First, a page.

- £8.15s.0d, the credit balance on hand at the end of 1924, all liabilities having been paid and certified in the Auditors Certificate and Statement of Accounts. Mr. J. Blennerhasset and Mr. J. Foxhall are appointed Honorary Auditors for the year 1925.
- 10 guineas or £10.10s.0d, the reduced annual subscription accepted by the Associated Chambers of Commerce of the Irish Free State, (now Chambers Ireland), for the year ending the 31st of March 1926. Sligo Chamber agrees to join, the original subscription requested having been £21.
- £40 pounds per annum, the renumeration decided to be paid to the Secretary, J.A. McLoghry from the 1st of January 1925. Subsequent meetings show that Secretary McLoghry was paid on a quarterly basis at the rate of £10.0s.0d per quarter. Expenses for stamps and for trips to Dublin were paid in addition to the salary.
- £9,000 pounds is invested in 1925 on the three new corridor carriages to add to the rolling stock of the Sligo Leitrim & Northern Counties Railway Company, an investment considered most satisfactory by Sligo Chamber.
- 33 1/3% is the new Customs Duty in 1926 on all furniture imported into the Irish Free State. Sligo Chamber passes a Resolution that the tariff constitutes a hardship on all classes of the public. Copies of the Resolution are sent to the Minister of Finance, Ernest Blythe T.D., to Major Bryan Cooper T.D., and to the local T.Ds.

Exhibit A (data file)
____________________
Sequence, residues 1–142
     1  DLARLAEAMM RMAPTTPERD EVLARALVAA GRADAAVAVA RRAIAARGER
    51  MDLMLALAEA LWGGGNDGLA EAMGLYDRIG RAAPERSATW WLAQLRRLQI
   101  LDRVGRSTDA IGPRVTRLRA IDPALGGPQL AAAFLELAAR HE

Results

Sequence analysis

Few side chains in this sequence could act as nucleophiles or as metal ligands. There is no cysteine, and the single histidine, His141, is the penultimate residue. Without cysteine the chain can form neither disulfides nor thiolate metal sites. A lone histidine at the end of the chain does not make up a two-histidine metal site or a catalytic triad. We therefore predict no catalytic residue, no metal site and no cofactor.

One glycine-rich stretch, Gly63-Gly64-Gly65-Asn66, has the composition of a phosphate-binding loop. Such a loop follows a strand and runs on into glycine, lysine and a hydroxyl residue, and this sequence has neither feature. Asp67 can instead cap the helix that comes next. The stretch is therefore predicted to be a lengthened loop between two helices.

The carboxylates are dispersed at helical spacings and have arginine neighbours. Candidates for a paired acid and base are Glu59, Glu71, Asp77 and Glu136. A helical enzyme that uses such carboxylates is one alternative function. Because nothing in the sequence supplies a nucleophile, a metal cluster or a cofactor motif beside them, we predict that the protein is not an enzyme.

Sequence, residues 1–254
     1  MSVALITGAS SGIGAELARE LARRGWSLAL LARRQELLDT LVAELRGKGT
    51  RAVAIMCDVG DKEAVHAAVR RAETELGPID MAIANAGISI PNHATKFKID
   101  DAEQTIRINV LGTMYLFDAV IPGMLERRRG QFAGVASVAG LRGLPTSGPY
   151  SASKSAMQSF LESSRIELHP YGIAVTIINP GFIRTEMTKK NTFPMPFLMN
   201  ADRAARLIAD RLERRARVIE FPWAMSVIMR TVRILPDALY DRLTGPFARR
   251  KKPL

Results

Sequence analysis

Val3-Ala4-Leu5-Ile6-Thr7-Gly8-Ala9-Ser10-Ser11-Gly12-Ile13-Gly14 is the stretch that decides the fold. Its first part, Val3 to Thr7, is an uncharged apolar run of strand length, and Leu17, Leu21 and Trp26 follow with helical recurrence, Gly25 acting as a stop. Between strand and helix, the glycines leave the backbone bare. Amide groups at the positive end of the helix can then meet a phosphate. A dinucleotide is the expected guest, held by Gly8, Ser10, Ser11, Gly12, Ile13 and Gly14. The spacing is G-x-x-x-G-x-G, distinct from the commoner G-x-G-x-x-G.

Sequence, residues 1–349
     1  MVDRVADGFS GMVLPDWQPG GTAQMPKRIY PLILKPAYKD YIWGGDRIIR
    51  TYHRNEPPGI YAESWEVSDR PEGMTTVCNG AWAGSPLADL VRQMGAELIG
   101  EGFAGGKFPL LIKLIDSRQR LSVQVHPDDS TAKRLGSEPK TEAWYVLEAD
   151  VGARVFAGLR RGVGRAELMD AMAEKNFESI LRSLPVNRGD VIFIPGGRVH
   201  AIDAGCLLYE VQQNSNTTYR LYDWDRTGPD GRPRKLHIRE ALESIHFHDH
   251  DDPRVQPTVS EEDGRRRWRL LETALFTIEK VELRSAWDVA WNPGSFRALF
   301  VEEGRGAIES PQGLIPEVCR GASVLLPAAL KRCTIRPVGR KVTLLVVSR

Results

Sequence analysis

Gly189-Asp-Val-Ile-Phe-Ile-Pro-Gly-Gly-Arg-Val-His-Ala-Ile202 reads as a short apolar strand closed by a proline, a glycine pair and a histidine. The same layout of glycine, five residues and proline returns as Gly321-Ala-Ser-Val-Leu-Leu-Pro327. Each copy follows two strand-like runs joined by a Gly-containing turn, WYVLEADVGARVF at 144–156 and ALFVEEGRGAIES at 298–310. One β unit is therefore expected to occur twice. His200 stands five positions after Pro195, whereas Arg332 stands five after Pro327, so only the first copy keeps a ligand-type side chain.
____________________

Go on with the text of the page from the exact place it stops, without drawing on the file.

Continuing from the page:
- 74313, the reference number of the cheque signed for £4.0s.0d in respect of income tax due on the Chamber Accounts for the year ended the 31st of December 1925.
- 1st female member of Sligo Chamber, Miss Foley of Messrs. Foley and Company was elected a member of the Chamber on the Resolution, moved by F. Nally, Vice-President, seconded by J. Noone and passed unanimously on the 9th of March 1933.
- 1 guinea (£1.1s.0d), is agreed in 1933 to be paid by Sligo Chamber as the annual subscription to the Irish Tourist Association to promote Sligo. However, the Secretary, J.A. McLoghry notes the Irish Tourist Association’s full-page article in the “Irish Times” in May 1933 promotes the attractions of nearly every Seaside and Holiday Resort in the Irish Free State except Sligo. It was decided to protest very strongly against the way Sligo has been treated in the article and ask for an explanation.
The full-page article appeared in the “Irish Times” on the 22nd of May, on this day of this week in 1933.
Researched and written by Conor McCarthy
Supported by the Sligo Chamber Centenary Committee:
- Catherine Maguire – Admin & Photographic Research
- Geraldine Courtenay – Creative Direction
- Aidan Doyle – Review & Publication
The next Article in the series commemorating The Centenary of Sligo Chamber and entitled
“Honouring the Dead” will be released on the 29th May 2023.
#Sligo Chamber Centenary